(EFE).- The international community is again on edge, with the Zaporizhzhia nuclear power plant in southern Ukraine occupied by the Russians and coming under attack.

Moscow and Kyiv have accused the other of putting the security of Europe’s largest nuclear power plant in danger after it was the target of several attacks on Friday.

In his daily video message, Ukraine’s president Volodymyr Zelenskyy said that “the occupiers created another extremely risky situation for everyone in Europe”.

The United Nations Secretary General Antonio Guterres warned Monday in Japan that any attack on a nuclear plant is “suicidal”.

While the Ukrainians denounce Russian “blackmail” for the threat against the nuclear plant, the Russians demand pressure to be put on Kyiv to stop its attacks against Zaporizhzhia.

Despite being under Russian control practically since the first days of its invasion of Ukraine, it continues to be run by Ukrainian technicians. On June 7, Russian defense minister, Sergey Shoigu, assured that it is working normally.

The plant is Ukraine’s main electricity provider, generating a fifth of the country’s annual production and half the entire output from all four of Ukraine’s nuclear power plants.

The plant, built between 1981 and 1995, was recognized in 2000 as one of the three best nuclear power plants in the world for fully meeting the requirements of the International Atomic Energy Agency.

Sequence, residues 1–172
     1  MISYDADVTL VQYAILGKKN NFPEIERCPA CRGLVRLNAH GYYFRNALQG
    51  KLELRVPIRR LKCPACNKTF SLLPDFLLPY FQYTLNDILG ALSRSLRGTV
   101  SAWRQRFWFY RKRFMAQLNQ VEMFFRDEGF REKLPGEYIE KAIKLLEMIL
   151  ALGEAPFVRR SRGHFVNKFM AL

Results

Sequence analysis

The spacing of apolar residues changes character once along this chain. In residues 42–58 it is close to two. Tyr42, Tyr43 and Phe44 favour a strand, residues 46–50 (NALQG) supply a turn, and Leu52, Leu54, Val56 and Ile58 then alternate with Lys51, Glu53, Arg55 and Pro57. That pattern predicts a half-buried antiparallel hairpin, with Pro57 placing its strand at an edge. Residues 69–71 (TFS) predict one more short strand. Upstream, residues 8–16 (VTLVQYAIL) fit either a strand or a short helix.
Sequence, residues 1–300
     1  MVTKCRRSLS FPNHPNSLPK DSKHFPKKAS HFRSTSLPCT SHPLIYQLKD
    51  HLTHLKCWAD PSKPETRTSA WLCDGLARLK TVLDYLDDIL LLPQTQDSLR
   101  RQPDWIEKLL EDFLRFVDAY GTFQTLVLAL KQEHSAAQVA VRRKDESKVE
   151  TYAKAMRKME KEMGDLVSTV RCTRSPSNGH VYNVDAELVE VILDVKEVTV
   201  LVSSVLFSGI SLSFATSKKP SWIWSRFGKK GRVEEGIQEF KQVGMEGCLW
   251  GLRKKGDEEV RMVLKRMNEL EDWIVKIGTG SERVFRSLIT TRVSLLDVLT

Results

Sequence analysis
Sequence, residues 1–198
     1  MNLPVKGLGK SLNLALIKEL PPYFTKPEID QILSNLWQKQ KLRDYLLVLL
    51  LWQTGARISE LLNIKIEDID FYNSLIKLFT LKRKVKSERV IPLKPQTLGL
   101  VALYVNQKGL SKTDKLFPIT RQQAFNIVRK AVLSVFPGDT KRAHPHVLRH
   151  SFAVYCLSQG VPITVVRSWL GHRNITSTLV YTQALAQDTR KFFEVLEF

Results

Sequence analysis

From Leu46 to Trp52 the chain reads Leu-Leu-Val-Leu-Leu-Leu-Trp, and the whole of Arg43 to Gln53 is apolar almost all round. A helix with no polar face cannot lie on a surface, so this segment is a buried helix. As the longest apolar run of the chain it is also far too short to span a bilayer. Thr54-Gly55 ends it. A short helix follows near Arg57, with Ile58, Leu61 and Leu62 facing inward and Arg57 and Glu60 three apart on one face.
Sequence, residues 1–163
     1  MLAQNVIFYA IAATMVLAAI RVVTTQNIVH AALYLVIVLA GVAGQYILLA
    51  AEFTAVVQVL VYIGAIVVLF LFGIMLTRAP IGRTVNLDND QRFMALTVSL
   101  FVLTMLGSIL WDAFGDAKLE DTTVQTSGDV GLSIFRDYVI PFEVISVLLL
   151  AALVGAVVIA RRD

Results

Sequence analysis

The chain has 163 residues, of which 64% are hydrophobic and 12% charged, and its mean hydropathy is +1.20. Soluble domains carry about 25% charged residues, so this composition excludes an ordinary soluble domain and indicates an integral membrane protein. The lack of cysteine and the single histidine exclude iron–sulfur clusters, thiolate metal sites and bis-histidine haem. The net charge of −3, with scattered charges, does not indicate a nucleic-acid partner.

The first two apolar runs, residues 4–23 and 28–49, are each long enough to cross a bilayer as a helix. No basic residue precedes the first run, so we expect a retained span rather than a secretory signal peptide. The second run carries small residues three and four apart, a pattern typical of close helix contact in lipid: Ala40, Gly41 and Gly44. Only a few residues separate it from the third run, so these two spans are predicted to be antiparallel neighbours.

Although it has 80 containers, it is designed to house 380 with the capacity to store radiating fuel elements throughout the useful life of the plant.

According to IAEA data, Ukraine has four nuclear power plants located in Rovno, in the northwest, Khmelnitsky and Zaporizhzhia, both in the southeast of the country, and another called South Ukraine.

Together they have 15 reactors with a capacity to produce 13,835 megawatts.

In February 2022, the Russian invasion of Ukraine raised concerns about potential attacks on the plant while specialists pointed to Ukraine’s high dependence on nuclear energy.

The plant was attacked on 4 March by a Russian projectile, according to the IAEA.

In that context, the IAEA proposed talks between Russia and Ukraine to reach an agreement that would guarantee the safety of the nuclear power plants. EFE
© 2022 EFE News Services (U.S.) Inc.


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